Low cholesterol is only half the fight against heart disease. There is another culprit in the mix, and researchers say they've found a way to show us, with the milkshake study.
Like cholesterol, triglycerides are a type of fat in the blood. Your triglyceride level is measured after you fast overnight, but understand that whatever the number, as soon as you eat, it's gonna go up. Recently, the National Heart Lung and Blood Institute dropped the level it recommends keeping your cholesterol, from under 200 to no more than 150. Researchers at the University of Maryland Medical Center say that's still not low enough. "We think it still needs to go lower based on our studies. We believe that magic number might be below 100," says Dr. Michael Miller, University of Maryland Medical Center.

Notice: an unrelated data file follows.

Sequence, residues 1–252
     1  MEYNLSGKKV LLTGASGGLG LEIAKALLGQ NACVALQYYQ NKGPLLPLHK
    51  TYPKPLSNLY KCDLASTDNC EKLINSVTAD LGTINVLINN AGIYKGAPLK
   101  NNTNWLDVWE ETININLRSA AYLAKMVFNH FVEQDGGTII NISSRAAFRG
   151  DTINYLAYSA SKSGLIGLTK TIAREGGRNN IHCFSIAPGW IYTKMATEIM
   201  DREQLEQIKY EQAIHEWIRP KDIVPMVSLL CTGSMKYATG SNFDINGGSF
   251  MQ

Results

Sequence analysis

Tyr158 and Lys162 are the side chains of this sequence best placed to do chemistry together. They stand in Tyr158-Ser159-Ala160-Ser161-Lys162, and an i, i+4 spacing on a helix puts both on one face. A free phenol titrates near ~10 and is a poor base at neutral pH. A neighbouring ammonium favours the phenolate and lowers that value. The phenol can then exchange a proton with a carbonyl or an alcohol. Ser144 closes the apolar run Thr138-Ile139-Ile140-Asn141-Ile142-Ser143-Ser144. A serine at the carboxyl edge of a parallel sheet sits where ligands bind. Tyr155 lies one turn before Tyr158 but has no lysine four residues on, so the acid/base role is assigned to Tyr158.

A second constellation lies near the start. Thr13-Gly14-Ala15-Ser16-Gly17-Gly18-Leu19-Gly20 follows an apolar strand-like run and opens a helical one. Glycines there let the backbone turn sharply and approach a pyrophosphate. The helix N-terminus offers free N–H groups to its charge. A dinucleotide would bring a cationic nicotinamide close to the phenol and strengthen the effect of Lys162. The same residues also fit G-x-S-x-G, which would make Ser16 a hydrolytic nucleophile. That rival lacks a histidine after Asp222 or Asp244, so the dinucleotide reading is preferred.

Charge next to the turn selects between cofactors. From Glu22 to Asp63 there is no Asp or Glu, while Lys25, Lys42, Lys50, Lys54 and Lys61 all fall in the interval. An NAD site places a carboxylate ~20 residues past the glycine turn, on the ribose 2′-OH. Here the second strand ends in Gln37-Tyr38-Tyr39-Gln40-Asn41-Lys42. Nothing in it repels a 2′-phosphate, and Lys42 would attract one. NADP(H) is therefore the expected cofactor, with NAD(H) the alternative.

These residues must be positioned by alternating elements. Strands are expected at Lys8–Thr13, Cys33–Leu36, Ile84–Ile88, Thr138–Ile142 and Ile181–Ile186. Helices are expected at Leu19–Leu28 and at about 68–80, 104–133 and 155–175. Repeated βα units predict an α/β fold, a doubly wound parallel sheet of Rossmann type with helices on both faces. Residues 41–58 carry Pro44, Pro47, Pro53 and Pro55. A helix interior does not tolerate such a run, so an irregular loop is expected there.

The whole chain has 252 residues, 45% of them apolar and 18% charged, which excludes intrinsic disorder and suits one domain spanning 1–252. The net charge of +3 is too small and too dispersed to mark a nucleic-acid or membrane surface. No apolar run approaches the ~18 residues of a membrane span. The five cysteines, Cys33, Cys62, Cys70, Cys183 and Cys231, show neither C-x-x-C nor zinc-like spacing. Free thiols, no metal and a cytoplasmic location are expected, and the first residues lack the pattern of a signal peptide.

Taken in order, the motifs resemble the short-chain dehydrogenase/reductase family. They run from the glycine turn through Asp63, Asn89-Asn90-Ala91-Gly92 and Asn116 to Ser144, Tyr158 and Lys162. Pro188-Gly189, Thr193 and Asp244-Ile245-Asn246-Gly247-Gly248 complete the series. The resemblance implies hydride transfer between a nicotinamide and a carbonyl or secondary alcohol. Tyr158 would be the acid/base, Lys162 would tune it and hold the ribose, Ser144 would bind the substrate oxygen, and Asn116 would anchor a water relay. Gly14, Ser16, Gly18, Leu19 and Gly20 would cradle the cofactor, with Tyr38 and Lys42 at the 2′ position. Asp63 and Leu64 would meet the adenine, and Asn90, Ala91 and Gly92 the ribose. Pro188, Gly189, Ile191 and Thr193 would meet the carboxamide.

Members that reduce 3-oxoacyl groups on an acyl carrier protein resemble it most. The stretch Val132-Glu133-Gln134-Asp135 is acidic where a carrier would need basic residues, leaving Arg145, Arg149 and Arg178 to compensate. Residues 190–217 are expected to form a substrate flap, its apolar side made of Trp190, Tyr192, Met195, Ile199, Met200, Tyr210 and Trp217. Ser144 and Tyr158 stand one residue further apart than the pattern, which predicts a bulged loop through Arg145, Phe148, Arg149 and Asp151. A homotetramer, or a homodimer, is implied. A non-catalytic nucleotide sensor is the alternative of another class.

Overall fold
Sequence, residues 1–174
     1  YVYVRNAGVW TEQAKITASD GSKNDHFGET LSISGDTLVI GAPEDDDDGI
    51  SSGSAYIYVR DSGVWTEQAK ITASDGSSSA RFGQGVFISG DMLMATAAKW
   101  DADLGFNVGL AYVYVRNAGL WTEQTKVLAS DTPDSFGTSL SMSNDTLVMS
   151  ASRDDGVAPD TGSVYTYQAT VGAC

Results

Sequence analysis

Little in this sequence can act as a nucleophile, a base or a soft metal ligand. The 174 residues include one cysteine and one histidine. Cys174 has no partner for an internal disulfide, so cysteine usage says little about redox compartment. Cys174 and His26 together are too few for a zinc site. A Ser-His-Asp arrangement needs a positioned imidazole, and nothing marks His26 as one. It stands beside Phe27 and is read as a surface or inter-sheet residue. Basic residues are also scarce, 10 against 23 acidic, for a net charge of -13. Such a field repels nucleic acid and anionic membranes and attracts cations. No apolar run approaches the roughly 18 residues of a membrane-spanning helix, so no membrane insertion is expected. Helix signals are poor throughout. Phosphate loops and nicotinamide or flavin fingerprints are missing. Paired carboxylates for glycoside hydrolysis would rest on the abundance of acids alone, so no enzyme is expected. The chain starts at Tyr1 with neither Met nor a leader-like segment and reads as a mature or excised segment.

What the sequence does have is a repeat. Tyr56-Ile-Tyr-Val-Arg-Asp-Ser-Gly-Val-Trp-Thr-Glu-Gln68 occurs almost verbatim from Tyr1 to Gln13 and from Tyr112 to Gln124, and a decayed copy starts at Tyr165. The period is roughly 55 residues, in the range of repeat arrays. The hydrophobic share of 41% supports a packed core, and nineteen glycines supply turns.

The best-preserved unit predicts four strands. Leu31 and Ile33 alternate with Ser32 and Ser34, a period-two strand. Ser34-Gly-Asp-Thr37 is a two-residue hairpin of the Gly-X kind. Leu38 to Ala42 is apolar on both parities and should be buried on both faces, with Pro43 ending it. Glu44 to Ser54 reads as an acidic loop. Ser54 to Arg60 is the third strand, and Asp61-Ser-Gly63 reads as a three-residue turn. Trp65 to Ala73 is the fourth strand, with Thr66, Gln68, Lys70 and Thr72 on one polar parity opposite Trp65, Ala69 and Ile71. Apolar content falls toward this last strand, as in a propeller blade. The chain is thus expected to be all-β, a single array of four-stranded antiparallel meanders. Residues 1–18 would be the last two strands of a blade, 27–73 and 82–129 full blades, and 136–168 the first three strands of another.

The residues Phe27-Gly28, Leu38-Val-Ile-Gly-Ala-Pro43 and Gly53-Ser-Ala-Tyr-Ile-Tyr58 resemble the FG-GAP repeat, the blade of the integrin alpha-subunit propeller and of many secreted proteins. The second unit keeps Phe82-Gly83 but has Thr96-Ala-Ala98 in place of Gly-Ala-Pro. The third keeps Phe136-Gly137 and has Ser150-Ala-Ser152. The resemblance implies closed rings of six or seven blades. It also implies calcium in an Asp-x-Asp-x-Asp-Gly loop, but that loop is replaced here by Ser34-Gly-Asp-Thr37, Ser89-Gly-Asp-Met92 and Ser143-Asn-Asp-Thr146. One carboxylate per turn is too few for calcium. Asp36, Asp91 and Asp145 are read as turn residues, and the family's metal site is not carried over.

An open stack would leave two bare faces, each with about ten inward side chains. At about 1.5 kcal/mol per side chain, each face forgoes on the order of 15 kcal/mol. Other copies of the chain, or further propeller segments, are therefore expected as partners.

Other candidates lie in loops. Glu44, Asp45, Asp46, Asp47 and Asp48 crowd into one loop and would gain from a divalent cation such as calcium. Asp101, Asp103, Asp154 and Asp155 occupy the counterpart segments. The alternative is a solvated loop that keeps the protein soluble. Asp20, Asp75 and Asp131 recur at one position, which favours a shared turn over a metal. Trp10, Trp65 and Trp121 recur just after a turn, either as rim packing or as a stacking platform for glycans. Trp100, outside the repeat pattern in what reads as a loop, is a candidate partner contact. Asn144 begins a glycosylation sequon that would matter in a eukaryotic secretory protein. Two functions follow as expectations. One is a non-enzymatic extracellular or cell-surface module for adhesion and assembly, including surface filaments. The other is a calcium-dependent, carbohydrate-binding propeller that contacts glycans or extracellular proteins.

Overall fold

That's where the milkshake study comes in. To prove the point, Maryland researchers tracked the breakdown of fat from a milkshake over the course of a day for 50 healthy, non-obese men and women with normal cholesterol. Those with a fasting triglyceride level below 100 peaked on average at 124, but a milkshake given to those with triglycerides below 150 shot up into the danger zone.
"A higher percentage of the time, they were spending with triglyceride levels of about 200 or more," says Miller. Checking triglyceride levels every two hours, the researchers say one high fat milkshake boosted triglyceride levels into the danger zone even though the test was taken on an empty stomach in the morning.
How do you control the problem? Dr. Miller says some may take medication, but more often, exercise and lifestyle changes are enough. The National Heart Blood and Lung Institute recommends that everyone should have a blood cholesterol and triglyceride check every five years starting at age 20. That way, patients who find they have a problem can begin treatment early to reduce their risk of a heart attack later.